Seminars and Events

Artificial Intelligence Seminar

Understanding Japanese Humanities through the Lens of Machine Intelligence

Event Details


From classifying handwritten digits to generating strings of text, the advances in data-driven machine intelligence has motivated a renewed interest in building datasets which are socially and culturally relevant, so that algorithmic research may have a more direct and immediate impact on society. One such area is in history and the humanities, where better and relevant machine learning models can lead to interdisciplinary works including collections of artworks, quantitative approaches, and machine learning-based creativities. They, however, sometimes lack sufficient attention to certain humanities research topics, and it remains challenging to integrate these works into a comprehensive view.

In this talk, I’m going to present to you our works to bridge this gap in the direction of understanding humanities through the lens of machine intelligence. Particularly, we are focusing on Japanese humanities in our study as it is an important topic of culture study, calling for more effort in studying. We will be talking about two works, one is KaoKore: A Pre-modern Japanese Art Facial Expression Dataset, and another is Ukiyo-e Analysis and Creativity with Attribute and Geometry Annotation. Both works apply Machine Intelligence to traditional Japanese humanities topics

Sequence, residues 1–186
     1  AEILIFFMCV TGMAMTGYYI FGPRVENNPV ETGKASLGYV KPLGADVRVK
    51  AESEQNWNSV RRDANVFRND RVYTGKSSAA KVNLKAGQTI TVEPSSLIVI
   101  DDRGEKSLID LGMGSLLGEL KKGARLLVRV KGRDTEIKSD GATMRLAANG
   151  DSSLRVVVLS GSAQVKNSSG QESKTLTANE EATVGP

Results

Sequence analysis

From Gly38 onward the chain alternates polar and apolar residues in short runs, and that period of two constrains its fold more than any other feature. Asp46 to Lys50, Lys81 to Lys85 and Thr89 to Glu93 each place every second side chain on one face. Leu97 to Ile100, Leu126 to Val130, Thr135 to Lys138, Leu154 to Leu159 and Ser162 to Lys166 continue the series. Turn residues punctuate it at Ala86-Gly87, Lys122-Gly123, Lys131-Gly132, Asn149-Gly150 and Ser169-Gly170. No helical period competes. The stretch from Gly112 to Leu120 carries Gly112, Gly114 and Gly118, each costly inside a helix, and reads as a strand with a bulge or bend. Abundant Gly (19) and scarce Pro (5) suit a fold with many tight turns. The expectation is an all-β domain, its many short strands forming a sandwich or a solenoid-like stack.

In this first work we propose a new dataset KaoKore which consists of faces extracted from pre-modern Japanese artwork,with its value both in quantitative and qualitative study. In the second work, we propose a holistic approach, with a large-scale Ukiyo-e dataset with coherent semantic labels and geometric annotations, and show its value in a quantitative study of Ukiyo-e paintings’ objects and styles. I hope this talk could shed some light on this interdisciplinary topic and provide some inspiration for future works.


Speaker Bio

Yingtao Tian is a Research Software Engineer in Google Brain Tokyo. He obtained his PhD in Computer Science at Stony Brook University and B.S. in Computer Science and Technology at Fudan University. His research interests lie in generative models and representation learning, as well as their applications in image generation, natural language processing, knowledge base modeling, social network modeling, bioinformatics. He is also interested in evolution strategies and the interdisciplinary research of machine intelligence and humanities research.

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Host: Muhao Chen, POC: Alma Nava